It started with single comic book. Jeremy’s mother was determined to make a reader out of him. Shunning traditional literature at a young age, his mother placed X-Men Classic #69 in his lap and for the first time he was exposed to the phrases, “Mutants,” “BAMF,” and “SNIKT.” From that moment on, he imagined his enrollment at Xavier’s School for Gifted Youngsters at 1407 Graymalkin Lane.
By middle school he devoured fantasy and science fiction faster than he could check them out of the library. However, his first love remained comic books. He began writing his own comics with his best friend, and by the end of their eighth grade year, they had written over a hundred issues of the superhero series that would eventually become Children of Nostradamus. Meanwhile, he spent his Tuesday’s at the grocery store, rummaging the racks, reading any comic put on the shelf.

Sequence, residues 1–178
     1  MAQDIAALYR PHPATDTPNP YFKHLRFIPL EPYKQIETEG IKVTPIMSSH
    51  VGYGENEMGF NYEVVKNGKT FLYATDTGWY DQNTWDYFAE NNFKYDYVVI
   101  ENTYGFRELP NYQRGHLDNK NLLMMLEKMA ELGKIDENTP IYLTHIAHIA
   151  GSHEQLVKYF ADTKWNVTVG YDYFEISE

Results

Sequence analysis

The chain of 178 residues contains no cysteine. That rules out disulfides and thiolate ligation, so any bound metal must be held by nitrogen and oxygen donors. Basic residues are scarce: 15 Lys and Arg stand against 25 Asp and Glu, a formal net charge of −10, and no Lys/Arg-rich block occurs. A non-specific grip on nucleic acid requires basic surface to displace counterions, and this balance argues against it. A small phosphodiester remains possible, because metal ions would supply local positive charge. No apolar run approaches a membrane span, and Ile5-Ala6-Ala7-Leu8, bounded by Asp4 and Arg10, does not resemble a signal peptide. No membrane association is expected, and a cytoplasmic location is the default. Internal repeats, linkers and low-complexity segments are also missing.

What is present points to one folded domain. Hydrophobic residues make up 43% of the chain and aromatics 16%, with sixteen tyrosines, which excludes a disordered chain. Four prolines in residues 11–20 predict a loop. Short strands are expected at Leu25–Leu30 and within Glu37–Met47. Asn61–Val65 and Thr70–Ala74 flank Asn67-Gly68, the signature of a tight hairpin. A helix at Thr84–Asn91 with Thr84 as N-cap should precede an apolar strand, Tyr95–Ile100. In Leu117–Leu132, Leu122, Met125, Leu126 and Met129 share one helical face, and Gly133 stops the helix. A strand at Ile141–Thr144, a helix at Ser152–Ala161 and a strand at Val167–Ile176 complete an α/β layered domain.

Working as a high school teacher provided him with an uncanny amount of great dialogue. The antics of teenagers in a suburban setting became the background of his first published book, Suburban Zombie High. Having started working at a second suburban school, the sequel, Suburban Zombie High: The Reunion was published.
Jeremy became known as a geek before it was a trend. During college Jeremy would be shortened to Remy as friends discovered his goal of reading every X-Men comic. Being able to explain the many relationships of Scott Summers and his multi-dimensional children became a badge of honor.
Jeremy came to writing late in his professional career. For a short period he majored in Creative Writing but eventually turned to Graphic Design for a career. It wasn’t until 2006 that he participated in his first NaNoWriMo, writing an epic science fiction novel. Later he would use the opportunity to write Suburban Zombie High and his first draft of Children of Nostradamus. He belongs the New England Horror Writer’s Association and partakes in a weekly writing group called the Metrowest Writers where people are flabbergasted by his love of comics and scifi.